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So, we think we know how to motivate people, right? Offer them a reward. Do this and you'll get this. Do this faster, earn more money. Do this better than everyone else, here's a promotion. We offer incentives when we want people to do things. We do it at work, at school, even at home with our kids. Tidy your room and you can watch TV.
But when social psychologists test whether incentives work, they get surprising results. Sam Glucksberg, from Princeton University, America, set people a problem to solve and told them he was going to time them to see how long they took. Then he put them in two groups. He offered one group a reward for finishing fast. Five dollars for anyone finishing in the top 25 per cent and 20 dollars for the person who finished the fastest of all. To the other group he offered no incentive, but he told them he was going to use their times to calculate an average time.
The first group, the ones with the reward, solved the problem faster, you'd think, right? Well, no, they actually took three and a half minutes longer than the group who just thought they were being timed. Incentive didn't work. In fact, it made them slower. This experiment has been repeated, with the same results, many times. But in business we still offer bonuses, promotions and rewards to staff.
That's fine if we want them to do something simple, like chop wood. We'll pay you more if you chop the wood faster. An incentive works then. But if we want someone to do something complex, something creative, something where they have to think, rewards don't work. They might even have the opposite result, and make people perform worse. Another study, by Dan Ariely, showed that the bigger the reward, the worse the subjects performed on a complex task. The reward made them focus so hard on the result that they couldn't think creatively any more.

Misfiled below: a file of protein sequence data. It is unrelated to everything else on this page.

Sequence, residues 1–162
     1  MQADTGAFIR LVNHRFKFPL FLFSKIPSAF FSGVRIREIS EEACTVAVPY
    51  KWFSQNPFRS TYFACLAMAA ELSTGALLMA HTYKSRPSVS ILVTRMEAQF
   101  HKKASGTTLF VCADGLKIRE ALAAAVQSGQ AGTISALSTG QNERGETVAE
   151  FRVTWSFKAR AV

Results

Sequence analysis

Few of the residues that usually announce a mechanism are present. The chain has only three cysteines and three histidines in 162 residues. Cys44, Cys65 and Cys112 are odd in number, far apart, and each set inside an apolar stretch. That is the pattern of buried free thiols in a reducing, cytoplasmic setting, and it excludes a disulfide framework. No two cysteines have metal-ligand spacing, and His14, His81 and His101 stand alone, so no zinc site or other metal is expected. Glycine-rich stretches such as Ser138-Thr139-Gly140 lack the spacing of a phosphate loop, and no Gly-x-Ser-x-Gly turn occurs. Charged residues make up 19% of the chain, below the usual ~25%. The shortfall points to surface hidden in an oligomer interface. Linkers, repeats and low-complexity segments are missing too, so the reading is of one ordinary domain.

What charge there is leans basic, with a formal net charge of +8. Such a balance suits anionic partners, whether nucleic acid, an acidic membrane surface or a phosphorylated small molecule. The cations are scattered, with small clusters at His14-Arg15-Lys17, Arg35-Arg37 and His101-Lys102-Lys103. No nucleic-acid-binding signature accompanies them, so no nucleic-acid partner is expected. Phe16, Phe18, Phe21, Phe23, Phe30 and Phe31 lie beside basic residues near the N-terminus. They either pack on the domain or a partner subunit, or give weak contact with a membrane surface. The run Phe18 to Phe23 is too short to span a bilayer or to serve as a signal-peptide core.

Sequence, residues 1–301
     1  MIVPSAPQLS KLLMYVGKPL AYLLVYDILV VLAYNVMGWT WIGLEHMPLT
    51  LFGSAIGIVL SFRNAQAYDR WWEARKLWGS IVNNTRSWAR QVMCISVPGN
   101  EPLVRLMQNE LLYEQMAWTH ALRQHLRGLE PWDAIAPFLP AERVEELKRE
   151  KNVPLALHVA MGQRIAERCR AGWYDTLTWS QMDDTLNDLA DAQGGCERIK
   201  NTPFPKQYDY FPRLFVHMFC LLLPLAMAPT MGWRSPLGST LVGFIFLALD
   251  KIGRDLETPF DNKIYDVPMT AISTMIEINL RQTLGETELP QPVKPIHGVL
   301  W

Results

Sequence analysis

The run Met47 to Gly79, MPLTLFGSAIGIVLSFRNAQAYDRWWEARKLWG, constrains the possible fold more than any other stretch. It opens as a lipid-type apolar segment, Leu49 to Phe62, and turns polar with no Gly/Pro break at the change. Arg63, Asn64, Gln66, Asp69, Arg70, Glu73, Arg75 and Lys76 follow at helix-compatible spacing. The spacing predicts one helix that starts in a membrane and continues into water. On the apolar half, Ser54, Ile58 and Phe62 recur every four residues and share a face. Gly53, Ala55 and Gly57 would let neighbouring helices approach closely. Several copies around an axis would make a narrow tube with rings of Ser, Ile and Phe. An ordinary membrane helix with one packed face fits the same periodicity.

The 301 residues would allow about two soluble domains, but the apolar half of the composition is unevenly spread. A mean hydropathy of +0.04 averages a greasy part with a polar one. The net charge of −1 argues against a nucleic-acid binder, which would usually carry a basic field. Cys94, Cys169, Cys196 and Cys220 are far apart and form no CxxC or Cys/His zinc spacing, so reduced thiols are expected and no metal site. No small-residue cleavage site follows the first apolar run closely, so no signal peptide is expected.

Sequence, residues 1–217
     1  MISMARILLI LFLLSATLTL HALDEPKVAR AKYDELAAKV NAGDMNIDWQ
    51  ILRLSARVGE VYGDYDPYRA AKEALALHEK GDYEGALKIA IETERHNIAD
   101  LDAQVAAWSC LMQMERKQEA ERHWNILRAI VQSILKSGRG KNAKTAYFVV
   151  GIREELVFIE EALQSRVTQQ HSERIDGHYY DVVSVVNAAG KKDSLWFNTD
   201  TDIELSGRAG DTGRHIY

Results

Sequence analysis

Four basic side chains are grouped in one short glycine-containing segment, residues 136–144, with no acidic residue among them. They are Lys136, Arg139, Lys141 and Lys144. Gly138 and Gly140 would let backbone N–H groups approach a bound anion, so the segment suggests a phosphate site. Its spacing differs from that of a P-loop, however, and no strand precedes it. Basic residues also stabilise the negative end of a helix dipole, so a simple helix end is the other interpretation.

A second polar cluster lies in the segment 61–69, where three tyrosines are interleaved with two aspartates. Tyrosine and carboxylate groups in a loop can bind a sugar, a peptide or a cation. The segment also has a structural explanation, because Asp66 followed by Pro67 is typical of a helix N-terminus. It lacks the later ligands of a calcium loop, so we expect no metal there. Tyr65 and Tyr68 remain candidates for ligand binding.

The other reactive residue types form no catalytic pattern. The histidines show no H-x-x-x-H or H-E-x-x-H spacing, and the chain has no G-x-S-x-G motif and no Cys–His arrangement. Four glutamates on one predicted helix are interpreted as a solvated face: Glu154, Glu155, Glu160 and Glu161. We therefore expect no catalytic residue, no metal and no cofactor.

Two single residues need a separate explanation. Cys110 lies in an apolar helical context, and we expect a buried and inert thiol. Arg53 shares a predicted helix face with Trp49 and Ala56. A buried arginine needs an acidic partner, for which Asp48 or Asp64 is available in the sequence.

And this all matters because more and more simple jobs will become automated. We'll be left with creative, problem-solving jobs that computers will never do. And we need to find a way to motivate people to do those jobs when we've proved the traditional incentives don't work.
So what does work? Giving your workers freedom; freedom to work on the things they want to work on, freedom to choose when, where and how they work. Want to work from home three days a week, get up late and work into the night instead? Fine. Just do the job well. And evidence shows people who choose the way they work get results. Companies that give employees time during the week to work on things that interest them and are not part of their regular job achieve amazing things. Some of the big tech companies are good examples of this, with ping-pong tables and areas to relax in …
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The final paragraph says that people work best when they can choose how to work.
In other words, people should be able to choose. Starting later and working into the night is one possibility, not something that everyone should do. It is given as an example, not a solution for everyone. Therefore the claim that people 'always' work best in this way is not true.
The LearnEnglish Team